As I mentioned in a previous blog, I had a chance to speak at the Blogging for Business Conference in Salt Lake City today (and no, I am not tooting my own horn, well, maybe I am). At risk of being a name dropper, for the second time in less than a month, I had the chance to hear Christopher Barger, the Director of Global Communications Technology for GM, speak as the keynote the conference.
I was again impressed with how some of the bigger brands, like GM, are embracing the changing nature of marketing by not only hiring someone like Chris, but giving him enough leash to do what he needs to do. According to Chris, there are still some big challenges working within corporate America, but when GM not only has major executives blogging, but has executives from their Hummer division sitting down for candid conversations with green bloggers, you know the landscape has changed.
I was equally impressed with Jake McKee, who used to be the Global Community Development Director for Lego. His entire speech was about the Lego MINDSTORMS product and the project to lunch a new MINDSTORMS unit. They went out to the community and recruited 4 influencers to participate in the product design process. Once the product was launched, the results were absolutely amazing. There was an existing community in place and Lego finally included them in the brand. The co-creation process drove instant adoption. (By the way, Jake is now on his own and can be found at www.communityguy.com.)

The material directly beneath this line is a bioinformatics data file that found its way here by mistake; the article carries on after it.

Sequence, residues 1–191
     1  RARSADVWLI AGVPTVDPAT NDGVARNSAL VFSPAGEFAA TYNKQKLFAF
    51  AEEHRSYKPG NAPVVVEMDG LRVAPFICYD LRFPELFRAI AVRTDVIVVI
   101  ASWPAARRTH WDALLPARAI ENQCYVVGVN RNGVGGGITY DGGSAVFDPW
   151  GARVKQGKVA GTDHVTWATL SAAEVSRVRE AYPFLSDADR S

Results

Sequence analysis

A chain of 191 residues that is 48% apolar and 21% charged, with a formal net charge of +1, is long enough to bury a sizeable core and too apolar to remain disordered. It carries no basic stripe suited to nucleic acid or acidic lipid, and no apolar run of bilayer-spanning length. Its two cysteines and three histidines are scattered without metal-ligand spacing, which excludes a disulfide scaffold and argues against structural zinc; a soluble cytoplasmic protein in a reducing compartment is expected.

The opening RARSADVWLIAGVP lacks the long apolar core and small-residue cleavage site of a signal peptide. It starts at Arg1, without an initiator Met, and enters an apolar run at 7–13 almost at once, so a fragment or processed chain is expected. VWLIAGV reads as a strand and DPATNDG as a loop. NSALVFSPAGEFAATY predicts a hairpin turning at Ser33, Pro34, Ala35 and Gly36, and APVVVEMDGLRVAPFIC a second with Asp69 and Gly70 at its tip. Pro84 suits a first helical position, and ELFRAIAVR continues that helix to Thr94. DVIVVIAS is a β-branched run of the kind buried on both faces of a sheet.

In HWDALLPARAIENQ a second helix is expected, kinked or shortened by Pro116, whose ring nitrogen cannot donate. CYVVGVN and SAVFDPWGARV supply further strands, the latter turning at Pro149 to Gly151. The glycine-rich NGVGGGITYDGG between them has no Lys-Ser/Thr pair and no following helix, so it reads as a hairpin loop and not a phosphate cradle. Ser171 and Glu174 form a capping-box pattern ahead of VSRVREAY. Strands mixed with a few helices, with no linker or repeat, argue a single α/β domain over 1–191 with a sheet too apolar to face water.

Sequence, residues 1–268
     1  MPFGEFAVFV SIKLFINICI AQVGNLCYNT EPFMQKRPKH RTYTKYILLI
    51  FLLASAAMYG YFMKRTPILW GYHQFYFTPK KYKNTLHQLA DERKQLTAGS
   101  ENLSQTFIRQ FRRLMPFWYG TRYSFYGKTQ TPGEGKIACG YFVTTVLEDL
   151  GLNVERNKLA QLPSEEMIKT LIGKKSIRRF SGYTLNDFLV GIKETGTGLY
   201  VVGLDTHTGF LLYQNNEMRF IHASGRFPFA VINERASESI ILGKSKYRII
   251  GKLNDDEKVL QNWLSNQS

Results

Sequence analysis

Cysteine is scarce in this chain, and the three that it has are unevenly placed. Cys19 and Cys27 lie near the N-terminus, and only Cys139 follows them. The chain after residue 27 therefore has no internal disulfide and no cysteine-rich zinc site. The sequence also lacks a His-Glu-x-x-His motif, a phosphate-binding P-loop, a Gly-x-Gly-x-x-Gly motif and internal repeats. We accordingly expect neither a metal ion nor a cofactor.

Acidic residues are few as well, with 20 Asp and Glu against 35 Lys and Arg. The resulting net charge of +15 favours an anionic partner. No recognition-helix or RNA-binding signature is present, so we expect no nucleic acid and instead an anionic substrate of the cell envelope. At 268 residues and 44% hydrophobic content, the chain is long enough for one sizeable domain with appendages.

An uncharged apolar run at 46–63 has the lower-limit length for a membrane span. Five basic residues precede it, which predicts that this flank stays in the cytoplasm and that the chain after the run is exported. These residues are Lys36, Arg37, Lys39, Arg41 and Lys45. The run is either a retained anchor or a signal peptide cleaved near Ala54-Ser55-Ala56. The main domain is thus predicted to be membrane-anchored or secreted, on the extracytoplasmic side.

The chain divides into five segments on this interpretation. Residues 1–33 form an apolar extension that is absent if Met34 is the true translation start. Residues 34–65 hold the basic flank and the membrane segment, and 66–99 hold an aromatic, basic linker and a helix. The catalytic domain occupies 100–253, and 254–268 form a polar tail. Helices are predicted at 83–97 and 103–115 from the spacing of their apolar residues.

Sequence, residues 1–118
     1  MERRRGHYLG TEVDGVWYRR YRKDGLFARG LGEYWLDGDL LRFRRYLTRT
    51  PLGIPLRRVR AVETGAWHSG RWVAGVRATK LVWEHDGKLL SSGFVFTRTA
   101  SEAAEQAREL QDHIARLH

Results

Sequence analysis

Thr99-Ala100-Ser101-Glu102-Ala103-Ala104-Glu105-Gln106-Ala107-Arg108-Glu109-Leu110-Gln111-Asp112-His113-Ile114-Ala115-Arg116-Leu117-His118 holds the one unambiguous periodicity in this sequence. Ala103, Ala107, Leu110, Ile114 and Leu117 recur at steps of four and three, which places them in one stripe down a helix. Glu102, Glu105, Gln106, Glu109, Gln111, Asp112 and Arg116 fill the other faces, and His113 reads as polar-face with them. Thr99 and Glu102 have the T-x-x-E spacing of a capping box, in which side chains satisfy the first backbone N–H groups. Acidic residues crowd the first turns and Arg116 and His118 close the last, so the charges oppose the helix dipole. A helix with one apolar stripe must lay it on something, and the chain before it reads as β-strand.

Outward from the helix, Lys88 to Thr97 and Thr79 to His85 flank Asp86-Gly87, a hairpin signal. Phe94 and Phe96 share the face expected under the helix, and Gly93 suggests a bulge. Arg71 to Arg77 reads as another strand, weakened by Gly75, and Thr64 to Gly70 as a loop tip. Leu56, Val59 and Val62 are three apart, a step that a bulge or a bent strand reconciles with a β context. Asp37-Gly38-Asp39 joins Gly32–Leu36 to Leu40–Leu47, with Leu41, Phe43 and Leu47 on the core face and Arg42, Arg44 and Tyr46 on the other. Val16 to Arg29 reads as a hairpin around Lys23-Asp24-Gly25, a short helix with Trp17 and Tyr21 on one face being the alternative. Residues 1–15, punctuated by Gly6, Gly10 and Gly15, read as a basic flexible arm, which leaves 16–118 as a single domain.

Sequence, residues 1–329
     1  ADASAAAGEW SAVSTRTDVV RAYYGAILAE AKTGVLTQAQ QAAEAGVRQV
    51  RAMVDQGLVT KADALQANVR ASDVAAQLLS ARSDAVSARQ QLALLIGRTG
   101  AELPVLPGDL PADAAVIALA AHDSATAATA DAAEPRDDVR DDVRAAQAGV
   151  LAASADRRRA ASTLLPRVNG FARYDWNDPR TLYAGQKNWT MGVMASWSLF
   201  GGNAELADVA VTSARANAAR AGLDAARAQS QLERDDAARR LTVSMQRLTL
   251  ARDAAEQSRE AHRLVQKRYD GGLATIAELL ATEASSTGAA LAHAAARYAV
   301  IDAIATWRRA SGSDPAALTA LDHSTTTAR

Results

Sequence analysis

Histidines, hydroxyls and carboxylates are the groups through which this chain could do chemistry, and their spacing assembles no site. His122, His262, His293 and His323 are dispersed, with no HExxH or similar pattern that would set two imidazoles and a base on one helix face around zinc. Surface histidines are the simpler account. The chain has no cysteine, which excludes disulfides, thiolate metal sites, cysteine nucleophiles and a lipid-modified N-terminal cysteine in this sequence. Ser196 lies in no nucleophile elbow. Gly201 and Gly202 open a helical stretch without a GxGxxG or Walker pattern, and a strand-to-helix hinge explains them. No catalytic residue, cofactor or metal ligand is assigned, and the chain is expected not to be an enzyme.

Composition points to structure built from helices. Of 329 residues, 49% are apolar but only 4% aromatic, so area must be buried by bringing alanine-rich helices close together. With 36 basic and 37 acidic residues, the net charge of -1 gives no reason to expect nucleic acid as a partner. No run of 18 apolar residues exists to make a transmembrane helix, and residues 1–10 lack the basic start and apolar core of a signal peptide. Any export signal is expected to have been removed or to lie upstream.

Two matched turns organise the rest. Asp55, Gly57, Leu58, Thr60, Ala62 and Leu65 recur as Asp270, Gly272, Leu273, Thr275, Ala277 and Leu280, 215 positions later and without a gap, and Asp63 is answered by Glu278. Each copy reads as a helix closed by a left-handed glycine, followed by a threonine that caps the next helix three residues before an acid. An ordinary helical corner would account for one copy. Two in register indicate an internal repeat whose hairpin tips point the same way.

It finally hit me today that big brands are finally starting to get it. GM and Lego are only a few of the corporate behemoths that are starting to experiment with community involvement and social media. A friend of mine, Tac Anderson, is trying to change HP from the inside out. The great thing about it is these brands have the budget to experiment with different ideas and tactics. Social media has always been known as the great equalizer and now big brands are turning the tables by learning how to compete in this new environment.
Not to be outdone, Jason Brown of Brown Lures gave a great presentation how a small start up is taking on the retail distribution cesspool by using social media to generate passion among fishing hobbyists. They are now able to leverage their fan base to drive retail shops clamoring to their door in order to carry their products.
The message came across loud and clear, no matter the business you are in, you need to be involved in social media and you need to develop a model of engagement rather than interruption.
What examples of brands big and small have you seen embracing social media?